• Overstay of 1 day to 1 Year = 5 years ban from Thailand and 500 to 20,000 Thai baht overstay fine.
  • Overstay more than 1 Year = 10 years ban from Thailand and 20,000 Thai baht overstay fine.

SOURCES: True Crime Thailand | Thai Embassy| Thai Visa

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BTS Skytrain’s Green Line maximum fare to rise, Rail Transport Department disagrees with the move

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BTS Skytrain’s Green Line maximum fare to rise, Rail Transport Department disagrees with the move | The Thaiger
PHOTO: Thairath Online

After the Bangkok Metropolitan Administration agreed to raise the maximum fare on the BTS Skytrain’s Green Line from 59 baht to 158 baht, the Rail Transport Department is calling on city officials to suspend the maximum fare ceiling, saying it would put an unfair burden on passengers.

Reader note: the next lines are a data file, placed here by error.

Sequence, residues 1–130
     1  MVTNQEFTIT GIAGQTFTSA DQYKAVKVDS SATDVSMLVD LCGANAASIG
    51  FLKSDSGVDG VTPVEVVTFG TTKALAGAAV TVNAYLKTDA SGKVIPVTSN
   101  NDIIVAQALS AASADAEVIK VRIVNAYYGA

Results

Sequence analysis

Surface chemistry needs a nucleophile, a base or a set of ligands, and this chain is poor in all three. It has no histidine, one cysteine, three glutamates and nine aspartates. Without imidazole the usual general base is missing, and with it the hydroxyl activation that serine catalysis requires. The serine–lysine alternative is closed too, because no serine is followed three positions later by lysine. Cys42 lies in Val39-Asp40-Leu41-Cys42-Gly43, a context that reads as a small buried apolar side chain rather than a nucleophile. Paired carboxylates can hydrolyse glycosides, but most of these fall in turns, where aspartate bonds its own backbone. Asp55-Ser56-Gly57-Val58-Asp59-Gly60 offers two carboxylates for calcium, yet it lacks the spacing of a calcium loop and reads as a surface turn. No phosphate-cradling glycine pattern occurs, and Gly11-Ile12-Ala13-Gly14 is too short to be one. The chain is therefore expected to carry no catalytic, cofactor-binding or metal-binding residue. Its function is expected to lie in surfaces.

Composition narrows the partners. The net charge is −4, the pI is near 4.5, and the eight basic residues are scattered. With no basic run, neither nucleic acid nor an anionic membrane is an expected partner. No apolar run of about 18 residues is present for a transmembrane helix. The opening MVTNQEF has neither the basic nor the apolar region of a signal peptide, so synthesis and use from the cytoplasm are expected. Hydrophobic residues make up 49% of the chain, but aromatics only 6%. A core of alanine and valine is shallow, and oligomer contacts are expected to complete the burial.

Bangkok Governor Aswin announced earlier that the maximum fare of 158 baht is to be imposed on February 16, but a discount to 104 baht is offered during the Covid-19 outbreak. The City Hall needs to increase the fare rate because it can’t pay the debt to Bangkok Mass Transit System.

Transport Minister Saksayam Chidchob says the BMA should halt its policy on the new BTS maximum fare and wait for other authorities to find proper solutions.

The Chairman of a House committee on transport, Sophon Sarum, a former transport minister, dismisses the BMA’s claim of its financial inability to repay the Green Line’s loans while suggesting the BMA to manage the Green Line’s finances by raising funds from banks and other financial institutions.

The Rail Department and BMA will meet to discuss the maximum fare ceiling this week.

SOURCE: Bangkok Post | Coconuts Bangkok